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Year : 2021  |  Volume : 37  |  Issue : 1  |  Page : 73-78

High-volume, multilevel local anesthetics–Epinephrine infiltration in kyphoscoliosis surgery: Intra and postoperative analgesia

1 Anesthesia and Surgical Intensive Care, Faculty of Medicine, Mansoura University, Egypt
2 Orthopedic Surgery, Faculty of Medicine, Mansoura University, Egypt
3 Neurosurgery, Faculty of Medicine, Mansoura University, Egypt

Correspondence Address:
Prof. Alaa Mazy
Department of Anesthesia and Surgical Intensive Care, Faculty of Medicine, Mansoura University
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Source of Support: None, Conflict of Interest: None

DOI: 10.4103/joacp.JOACP_338_17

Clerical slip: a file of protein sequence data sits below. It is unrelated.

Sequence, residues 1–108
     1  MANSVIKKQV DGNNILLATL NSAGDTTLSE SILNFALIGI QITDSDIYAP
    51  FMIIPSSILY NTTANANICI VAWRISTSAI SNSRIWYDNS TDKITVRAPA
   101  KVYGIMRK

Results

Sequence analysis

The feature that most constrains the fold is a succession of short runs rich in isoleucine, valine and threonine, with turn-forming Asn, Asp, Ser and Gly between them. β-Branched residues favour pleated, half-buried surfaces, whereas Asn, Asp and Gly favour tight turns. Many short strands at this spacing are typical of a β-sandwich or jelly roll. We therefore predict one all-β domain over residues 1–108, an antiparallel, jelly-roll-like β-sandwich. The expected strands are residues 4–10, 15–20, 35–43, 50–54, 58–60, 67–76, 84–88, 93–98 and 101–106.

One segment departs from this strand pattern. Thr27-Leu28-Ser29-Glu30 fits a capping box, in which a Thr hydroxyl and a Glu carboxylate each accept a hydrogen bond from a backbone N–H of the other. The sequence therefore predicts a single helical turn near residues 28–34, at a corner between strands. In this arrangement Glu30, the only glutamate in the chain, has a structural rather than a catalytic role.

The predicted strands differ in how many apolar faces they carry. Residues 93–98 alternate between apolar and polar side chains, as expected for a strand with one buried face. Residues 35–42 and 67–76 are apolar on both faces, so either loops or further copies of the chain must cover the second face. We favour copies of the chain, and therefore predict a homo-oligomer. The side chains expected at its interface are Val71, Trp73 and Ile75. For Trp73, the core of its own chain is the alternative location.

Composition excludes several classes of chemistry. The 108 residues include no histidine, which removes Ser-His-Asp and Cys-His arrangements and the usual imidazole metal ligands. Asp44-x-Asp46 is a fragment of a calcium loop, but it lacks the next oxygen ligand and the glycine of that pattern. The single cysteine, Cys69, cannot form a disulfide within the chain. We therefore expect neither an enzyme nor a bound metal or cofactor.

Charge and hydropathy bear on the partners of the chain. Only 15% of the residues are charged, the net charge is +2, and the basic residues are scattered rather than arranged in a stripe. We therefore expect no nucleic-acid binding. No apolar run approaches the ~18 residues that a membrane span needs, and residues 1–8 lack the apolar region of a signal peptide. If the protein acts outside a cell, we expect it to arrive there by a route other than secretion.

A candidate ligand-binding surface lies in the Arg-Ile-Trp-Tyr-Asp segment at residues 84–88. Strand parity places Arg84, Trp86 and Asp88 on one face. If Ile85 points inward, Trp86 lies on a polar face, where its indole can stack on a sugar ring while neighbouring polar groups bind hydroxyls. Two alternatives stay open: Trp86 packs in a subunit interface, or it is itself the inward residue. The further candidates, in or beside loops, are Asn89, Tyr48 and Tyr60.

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Background and Aims: Local anesthetic (LA) infiltration is one of the analgesic techniques employed during scoliosis correction surgery. However, its efficacy is controversial. In the present study for optimizing analgesia using the infiltration technique, we proposed two modifications; first is the preemptive use of high volume infiltration, second is applying three anatomical multilevel infiltrations involving the sensory, motor, and sympathetic innervations consecutively. Material and Methods: This prospective study involved 48 patients randomized into two groups. After general anesthesia (GA), the infiltration group (I) received bupivacaine 0.5% 2 mg/kg, lidocaine 5 mg/kg, and epinephrine 5 mcg/mL of the total volume (100 mL per 10 cm of the wound length) as a preemptive infiltration at three levels; subcutaneous, intramuscular, and the deep neural paravertebral levels, timed before skin incision, muscular dissection, and instrumentation consecutively. The control group (C) received normal saline in the same manner. Data were compared by Mann-Whitney, Chi-square, and t-test as suitable. Results: Intraoperatively, the LA infiltration reduced fentanyl, atracurium, isoflurane, nitroglycerine, and propofol consumption. Postoperatively, there was a 41% reduction in morphine consumption, longer time to the first analgesic request, lower VAS, early ambulation, and hospital discharge with high-patient satisfaction. Conclusion: The preemptive, high-volume, multilevel infiltration provided a significant intra and postoperative analgesia in scoliosis surgery.

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